As Halloween draws near, I always try to give my young trick
or treaters a new surprise each year. Some of my surprises in
past years have made them flee from my porch in terror. Having
learned from past mistakes, I now try to simply entertain them.
The porch show has to meet certain criteria, different from
the usual "magic show" criteria. The audience changes
constantly, but you may also get "repeaters." You have
to be able to reset very quickly as one group leaves and the next
group arrives, so shows that sort of "travel in a
circle," i.e. end as they began, work best. And every show
has to end in the candy handout finale. You have to pay your
Here's how the Mr. Bones Show works:
The guests arrive and ring the doorbell. Just for fun, I like
to hang an old fashioned bell on a post and they have to pull a
rope to ring it. It's something different for them and the
neighbors don't mind... too much.
Suddenly, in response to the bell, the porch lights up with
ultraviolet lights (blacklights) and they are looking at a box
that resembles a briefcase which rests on a small platform. They
can see underneath the platform at all times. The lid of the box
opens up and inside they see a miniature graveyard scene with
fluorescent grave stones. In the very center of the
"graveyard" is an open grave; a hole "dug"
into the bottom of the box. There is a pile of fluorescent bones
in the grave, and they come together and form themselves into a
tiny skeleton which peeks out of the grave and looks around.
Mr. Bones climbs out of the grave, gets to his feet and
depending on the volume of arriving guests, puts on a short show,
a medium show, or a long show. The length of show is determined
by looking down the street to see when the next group is likely
I usually act as Mr. Bone's "assistant,"
interpreting his "sign language" since he obviously
can't talk, and passing out candy when the crowd is large.
Otherwise, Mr. Bones generally dances to music, then passes out
single pieces of candy, one by one. He gets a piece of candy out
of a grave "hole" in the center of the graveyard. He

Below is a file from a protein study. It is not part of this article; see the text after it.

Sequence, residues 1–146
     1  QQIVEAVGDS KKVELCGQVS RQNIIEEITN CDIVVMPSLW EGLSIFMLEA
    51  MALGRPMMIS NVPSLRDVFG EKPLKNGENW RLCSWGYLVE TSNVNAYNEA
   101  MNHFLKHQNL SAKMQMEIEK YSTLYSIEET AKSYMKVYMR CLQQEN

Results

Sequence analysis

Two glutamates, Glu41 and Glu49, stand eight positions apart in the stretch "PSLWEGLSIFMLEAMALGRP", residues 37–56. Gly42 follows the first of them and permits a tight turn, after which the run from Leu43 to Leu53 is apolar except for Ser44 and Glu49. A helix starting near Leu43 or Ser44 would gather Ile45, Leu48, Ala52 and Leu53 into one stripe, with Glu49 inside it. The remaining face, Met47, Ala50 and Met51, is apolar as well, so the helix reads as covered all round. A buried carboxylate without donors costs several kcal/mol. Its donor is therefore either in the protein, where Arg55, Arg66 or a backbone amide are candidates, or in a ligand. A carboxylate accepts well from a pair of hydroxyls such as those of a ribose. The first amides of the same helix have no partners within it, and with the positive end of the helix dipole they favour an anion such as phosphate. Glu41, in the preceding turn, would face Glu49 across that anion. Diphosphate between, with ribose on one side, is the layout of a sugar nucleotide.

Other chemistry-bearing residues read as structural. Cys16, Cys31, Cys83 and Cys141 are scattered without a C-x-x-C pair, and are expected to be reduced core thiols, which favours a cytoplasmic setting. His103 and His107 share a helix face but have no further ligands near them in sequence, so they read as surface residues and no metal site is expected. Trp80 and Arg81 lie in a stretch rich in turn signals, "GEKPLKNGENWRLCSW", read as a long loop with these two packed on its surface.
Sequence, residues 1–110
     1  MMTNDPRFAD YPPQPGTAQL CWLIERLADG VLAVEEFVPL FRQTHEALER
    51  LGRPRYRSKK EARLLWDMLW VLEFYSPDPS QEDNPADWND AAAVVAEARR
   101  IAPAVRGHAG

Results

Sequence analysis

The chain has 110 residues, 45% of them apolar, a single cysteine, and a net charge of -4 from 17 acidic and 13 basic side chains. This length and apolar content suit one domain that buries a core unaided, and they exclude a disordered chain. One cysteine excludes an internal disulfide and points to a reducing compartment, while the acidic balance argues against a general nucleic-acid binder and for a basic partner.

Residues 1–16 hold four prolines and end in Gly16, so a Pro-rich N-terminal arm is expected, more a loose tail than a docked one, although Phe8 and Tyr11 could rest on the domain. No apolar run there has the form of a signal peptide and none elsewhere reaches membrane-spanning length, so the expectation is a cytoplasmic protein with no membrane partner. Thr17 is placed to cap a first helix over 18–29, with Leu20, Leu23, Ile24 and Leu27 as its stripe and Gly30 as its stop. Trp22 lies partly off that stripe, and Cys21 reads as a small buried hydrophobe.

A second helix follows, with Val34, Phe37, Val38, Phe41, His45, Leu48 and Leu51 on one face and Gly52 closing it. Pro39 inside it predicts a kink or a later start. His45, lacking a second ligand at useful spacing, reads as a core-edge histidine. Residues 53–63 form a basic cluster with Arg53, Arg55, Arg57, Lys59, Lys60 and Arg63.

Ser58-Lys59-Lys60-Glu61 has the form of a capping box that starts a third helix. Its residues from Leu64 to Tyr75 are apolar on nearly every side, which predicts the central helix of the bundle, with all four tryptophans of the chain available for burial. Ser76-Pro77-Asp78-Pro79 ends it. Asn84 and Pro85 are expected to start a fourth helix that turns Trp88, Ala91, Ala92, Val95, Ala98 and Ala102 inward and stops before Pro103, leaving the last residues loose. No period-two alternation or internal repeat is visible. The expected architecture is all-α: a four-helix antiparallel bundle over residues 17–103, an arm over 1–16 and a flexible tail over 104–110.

hands the candy to me, I inspect it like a good parent, and drop
it into each child's bag.
We have worked out little "bits of business" over
the years, like having Mr. Bones stumble and fall, then getting
up again. For some reason the kids find this funny. Sometimes Mr.
Bones gets too close to the edge of the "stage" and
almost falls off. Then he has to climb back up onto the stage,
which again is considered "funny." Sometimes Mr. Bones
tries to eat the candy, but it just falls out his empty stomach
again. If I ignore Mr. Bones, he tugs on my robe to get my
attention. Remember, this show is for kids, who find all of this
stuff hysterically funny and if their parents are bored, they
have the good manners not to say so.
To speed things along, if I spot another group on the way up
the front walk, I will quickly dispense the rest of the candy
without consulting Mr. Bones, but he also speeds up and runs
around his little graveyard stage while this is going on. Finally
I tell him to wave goodnight to the boys and girls, which he
does, then he collapses back to the pile of bones so he can begin
again with the next group.
If there is time, I reset back to the very beginning. I shut
the display box lid, the lights turn off and I go and sit down
for as long as I can. If not, I just pick it up from the near
beginning by saying "Wake up, Mr. Bones! We have some more
If the next group arrives before the first group has left,
Mr. Bones just continues handing out the candy, but he can repeat
his bits of business for the new audience.
Sometimes, towards the end of the evening, we start getting
groups of older kids and teenagers who just want candy and who
may find the show beneath them to enjoy. To test the situation, I
may have Mr. Bones crawl to life and hand me a piece of candy,
but if the older kids begin mocking the show, Mr. Bones lies down
again, the box lid closes, and I pass out the candy quickly just
to get rid of the crowd. Mr. Bones and I only work for
You may not like the idea of going to all this trouble for a
free ... no, I take that back, you have to pay the audience off
in candy... show on your front porch once a year. However, you
may discover that once it is built, you can include it (minus the
candy handout) in your regular demonstrations of Wizard magic as
an example of Animation, bringing lifeless objects to life.